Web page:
The Method. There are a diversity of methods by which this wellknown effect can be achieved. Punx of Germany worked the routine for many years by developing a system of visual signals to his versatile pianist. Each signal indicated a composer and Punx found that practically every composer had some pecularity that could be built into a visible signal, as, for example, the scratching of one ear—w hich would draw attention to the tar, signifying deafness—the key to Beethoven. Personal pecularities of the composers coupled with mnemotechnic situations (i.e. rubbing the chin meaning Barber of Seville for Rossini) made it possible for Punx and his co-worker to "accept" any composer named by the audience. On top of that, his pianist was a clever man who was able to play a popular selection from any composer chosen. Although the average musician will be able to deal with practically any composer—the system which I give now offers scope to the amateur pianist—since the choice is limited.

We have two main considerations for this type of routine. First we must be able to deal with a fairly comprehensive range of composers—including some of the lesser known people as the audience will doubtless try and stump you with an out-of-the-way genius of music. Secondly, since the whole thing depends on the fact that the audience recognise the tune and associate it with that composer, we should aim at playing the most popular and well-known piece from any works of the composer. To discover such relevant information I refer you to any good musician, record libraries, catalogues and sales statistics which to some extent, will indicate popularity trends. Choose one hundred composers dealing with those which are best known first. Choose ONE piece of music for each of the composers—the one piece that is most likely to be recognised. The pianist and you both arrange a list of the composers and form them in alphabetical order before numbering the list from one to a hundred. You write the composer list in pencil on your large slate, the pianist writes them on a music sheet and adds to his list a brief note alongside the composer which tells him the title of the piece he must play. You don't have to know the titles.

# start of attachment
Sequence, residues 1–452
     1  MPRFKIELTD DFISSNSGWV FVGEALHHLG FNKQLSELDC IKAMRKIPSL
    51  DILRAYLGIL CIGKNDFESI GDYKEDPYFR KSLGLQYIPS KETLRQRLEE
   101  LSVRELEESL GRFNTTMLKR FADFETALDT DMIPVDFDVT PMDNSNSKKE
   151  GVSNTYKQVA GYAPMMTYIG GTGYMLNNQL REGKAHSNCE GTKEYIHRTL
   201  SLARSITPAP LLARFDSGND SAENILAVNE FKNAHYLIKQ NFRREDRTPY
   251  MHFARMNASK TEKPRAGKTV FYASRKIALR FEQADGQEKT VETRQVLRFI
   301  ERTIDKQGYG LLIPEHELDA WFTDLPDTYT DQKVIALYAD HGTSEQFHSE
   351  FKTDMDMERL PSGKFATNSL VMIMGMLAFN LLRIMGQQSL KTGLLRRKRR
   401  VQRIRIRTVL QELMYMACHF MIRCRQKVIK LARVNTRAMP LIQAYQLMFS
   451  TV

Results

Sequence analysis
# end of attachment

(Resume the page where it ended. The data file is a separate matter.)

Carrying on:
You will see now that it boils down to a code system—where by signalling any of the numbers from one to a hundred—the pianist knows what to play. The code system has to be an action signal, the effect would be ruined if you spoke directly to the pianist—in actual fact, you pay little attention to your hard working assistant. (You have enough troubles of your own!). We have already discussed the basic principle of action codes so it will not be a difficult task for you to work out a visual code system. You have the slate, a duster, the chalk, the spectator and yourself as materials for action codes; more than enough. Just one thing though, bearing in mind that the pianist has to see your signals from quite some distance, the signs should be bold and clearly definable. Just one thing remains to be said; your slate has the list of names on it but such a list is visible only at very close quarters. You can chalk over a pencil mark on a slate and later rub off the chalk. If the chalk is a soft grade—the pencil mark will not be affected. Alternatively, you can have the list on the other side of the slate—or better by far, though a little more involved, is that you (and the pianist) learn the full list off by heart, utilising perhaps a mnemonic system to help you in your work. (See Step Three).

This routine is a time-tested winner. It always appeals to an audience and it is a very fine presentation of mentalism. The musical mentalism principle has been used on stage, in the drawing room and occasionally for cabaret. It can be an act in itself—the scope is there for two hard working mentalists. As with all these effects of two-person telepathy, 1 give only the bare outline of working and describe the plot. All of them require study and working out with your personal presentation; don't take them literally and stop dead at the effect exactly as described, what 1 have given is but the starting point, the plot and basic method.

Friendly Persuasion

Friendly Persuasion

To do this successfully you need to build a clear path of action by using tools if necessary. These tools would be facts, evidence and stories which you know they can relate to. Plus you always want to have their best interests at heart, in other words, you know what is good for them